Colleges are like old-age homes; except for the fact that more people die in colleges.
For me, the environment to write the song is extremely important. The environment has to bring something out in me that wants to be brought out. It’s a contemplative, reflective thing … Environment is very important. People need peaceful, invigorating environments. Stimulating environments.
An artist has gotta be careful never really to arrive at a place where he thinks he’s at somewhere. You always have to realize that you’re constantly in a state of becoming.
Ah, but I was so much older then, I’m younger than that now.
God, I’m glad I’m not me.
The semester has finally come to an end. And I’ve been incredibly fortunate to have had the experience of teaching two incredibly unique upper-division courses this time round (and in two different disciplines: English and History): “Mulberry, Mummies & Marshes: The History of Paper” and “Bob Dylan”. I’ve documented a lot of the workshops and course sessions for the history of paper course here and on the course blog: http://mulberrymummiesmarshes2017.wordpress.com/. But I’ve only briefly noted the Dylan seminar with a post of the first few weeks and a list of my favorite Dylan covers.
The real challenge in the Dylan course was time. How much time should be spent on early Dylan influences and on music in general before the 1960s? How could I best balance in-depth listening and analysis of the music and related projects with the music, radio, media, politics, and culture of the respective period? How can we manage a balance between discussion and analysis of music with lyrics, with historical, literary, and biographical elements, and with live performances? In the end, I did a little bit of everything, and learned a lot myself, and I’m still wondering if there was ever a next time, what would the class look like.
I’m still thinking about just how much both music and Dylan changed, evolved over the course of the first eight to ten records. And how music–the industry, production, politics, and the listening of it–has changed today. Teaching music and musicology was a new element for me. And just listening to an entire album was a new process for students. I was overwhelmed with the interest and support I received from students in offering listening sessions to these albums outside of regular class time, and was excited to assign, listen to, and distribute to the class an album of original songs produced by students at the end of the year.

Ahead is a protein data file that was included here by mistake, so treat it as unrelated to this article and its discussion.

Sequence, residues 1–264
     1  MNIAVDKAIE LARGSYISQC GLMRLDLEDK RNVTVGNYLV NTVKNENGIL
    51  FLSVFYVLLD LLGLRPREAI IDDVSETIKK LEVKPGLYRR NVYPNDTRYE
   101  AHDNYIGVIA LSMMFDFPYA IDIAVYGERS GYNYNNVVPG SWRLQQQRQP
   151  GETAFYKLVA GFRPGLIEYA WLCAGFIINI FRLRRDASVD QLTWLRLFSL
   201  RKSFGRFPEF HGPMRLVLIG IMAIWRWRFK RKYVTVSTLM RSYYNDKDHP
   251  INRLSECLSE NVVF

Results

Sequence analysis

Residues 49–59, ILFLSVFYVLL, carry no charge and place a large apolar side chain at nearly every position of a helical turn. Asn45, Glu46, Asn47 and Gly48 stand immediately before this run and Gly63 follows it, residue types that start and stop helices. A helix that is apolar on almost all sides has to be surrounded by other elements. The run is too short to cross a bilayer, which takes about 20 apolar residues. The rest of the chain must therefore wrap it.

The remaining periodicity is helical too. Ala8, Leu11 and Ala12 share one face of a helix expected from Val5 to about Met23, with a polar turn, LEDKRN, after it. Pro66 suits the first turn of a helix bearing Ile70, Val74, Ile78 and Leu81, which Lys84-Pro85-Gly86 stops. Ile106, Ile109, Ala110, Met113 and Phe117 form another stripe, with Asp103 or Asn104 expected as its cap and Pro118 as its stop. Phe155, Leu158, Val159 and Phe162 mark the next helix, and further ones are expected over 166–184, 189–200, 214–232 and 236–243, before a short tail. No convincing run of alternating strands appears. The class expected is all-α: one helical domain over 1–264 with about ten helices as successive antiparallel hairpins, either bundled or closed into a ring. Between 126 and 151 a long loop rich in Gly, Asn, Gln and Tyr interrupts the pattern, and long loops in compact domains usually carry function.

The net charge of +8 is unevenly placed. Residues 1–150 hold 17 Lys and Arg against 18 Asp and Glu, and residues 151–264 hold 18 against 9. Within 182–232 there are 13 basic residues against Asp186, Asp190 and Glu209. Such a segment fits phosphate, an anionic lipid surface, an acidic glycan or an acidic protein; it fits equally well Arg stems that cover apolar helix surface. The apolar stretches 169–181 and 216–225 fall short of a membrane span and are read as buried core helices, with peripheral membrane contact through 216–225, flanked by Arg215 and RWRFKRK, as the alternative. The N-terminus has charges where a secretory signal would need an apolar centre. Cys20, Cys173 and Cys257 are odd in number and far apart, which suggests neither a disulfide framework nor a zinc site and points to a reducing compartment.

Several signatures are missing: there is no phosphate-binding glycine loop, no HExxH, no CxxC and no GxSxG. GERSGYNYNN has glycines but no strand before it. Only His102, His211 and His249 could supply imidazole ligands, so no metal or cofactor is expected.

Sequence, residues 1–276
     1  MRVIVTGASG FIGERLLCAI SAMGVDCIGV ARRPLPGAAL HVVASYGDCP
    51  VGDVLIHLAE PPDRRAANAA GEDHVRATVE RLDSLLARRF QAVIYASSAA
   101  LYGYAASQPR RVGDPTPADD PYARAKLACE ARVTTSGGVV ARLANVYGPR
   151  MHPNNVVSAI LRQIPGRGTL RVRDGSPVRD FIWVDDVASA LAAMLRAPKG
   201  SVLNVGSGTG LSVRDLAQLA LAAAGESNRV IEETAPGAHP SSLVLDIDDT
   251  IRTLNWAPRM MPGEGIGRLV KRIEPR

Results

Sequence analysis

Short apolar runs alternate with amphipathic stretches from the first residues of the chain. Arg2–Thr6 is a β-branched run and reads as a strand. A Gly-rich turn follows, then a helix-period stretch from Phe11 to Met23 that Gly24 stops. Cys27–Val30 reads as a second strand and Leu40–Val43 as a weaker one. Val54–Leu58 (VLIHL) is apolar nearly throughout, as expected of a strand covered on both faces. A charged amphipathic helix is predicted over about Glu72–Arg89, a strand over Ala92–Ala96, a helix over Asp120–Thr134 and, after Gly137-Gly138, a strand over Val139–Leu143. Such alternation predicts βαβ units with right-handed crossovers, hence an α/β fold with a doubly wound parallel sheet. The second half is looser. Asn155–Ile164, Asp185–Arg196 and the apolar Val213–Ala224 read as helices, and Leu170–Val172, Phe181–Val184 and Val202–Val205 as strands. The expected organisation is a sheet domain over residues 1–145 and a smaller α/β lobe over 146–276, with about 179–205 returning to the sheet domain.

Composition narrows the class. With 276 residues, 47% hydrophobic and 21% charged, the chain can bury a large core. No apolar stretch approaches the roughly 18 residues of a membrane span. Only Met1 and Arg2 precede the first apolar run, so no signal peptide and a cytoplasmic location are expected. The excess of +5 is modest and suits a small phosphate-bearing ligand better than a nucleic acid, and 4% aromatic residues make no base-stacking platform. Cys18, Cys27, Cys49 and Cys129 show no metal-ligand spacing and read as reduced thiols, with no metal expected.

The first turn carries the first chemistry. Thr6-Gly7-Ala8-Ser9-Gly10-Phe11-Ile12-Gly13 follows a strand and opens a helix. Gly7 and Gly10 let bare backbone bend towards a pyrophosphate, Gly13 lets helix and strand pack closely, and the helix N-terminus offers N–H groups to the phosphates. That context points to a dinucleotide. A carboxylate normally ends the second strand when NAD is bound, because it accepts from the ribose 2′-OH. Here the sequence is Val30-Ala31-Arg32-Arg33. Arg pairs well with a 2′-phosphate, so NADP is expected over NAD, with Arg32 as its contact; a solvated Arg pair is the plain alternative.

On Dylan, I’m still amazed and inspired by just how productive he was over the course of these first years (and throughout his lifetime). I’d argue that no other artist (maybe excluding David Bowie) evolved as much in such a short time as Dylan. Thinking aloud: Eight albums (released about every six months) in five years . . . and then I think: He was only 20-years-old when the first album was released! How do we get from “Blowin’ in the Wind” (1962) and “The Times They Are a-Changin'” (1964) to “Subterranean Homesick Blues” (1964) and “Like a Rolling Stone” (1965) to “Rainy Day Women” (1966) and “All Along the Watchtower” (1967)!!!
While I continue to reflect and enjoy the canon of work here, I wanted to visually share my initial schedule (and the bones of the syllabus, if you’d like). As always, those interested in a copy of the syllabus, I’m always happy to share with colleagues, near and far. You can contact me through my Projector site. In the meantime, it’s cold outside. Stay inside, turn on the kettle, and put on a Dylan album. Record, Cassette, CD, MP3, some online platform or service . . . it’s all good!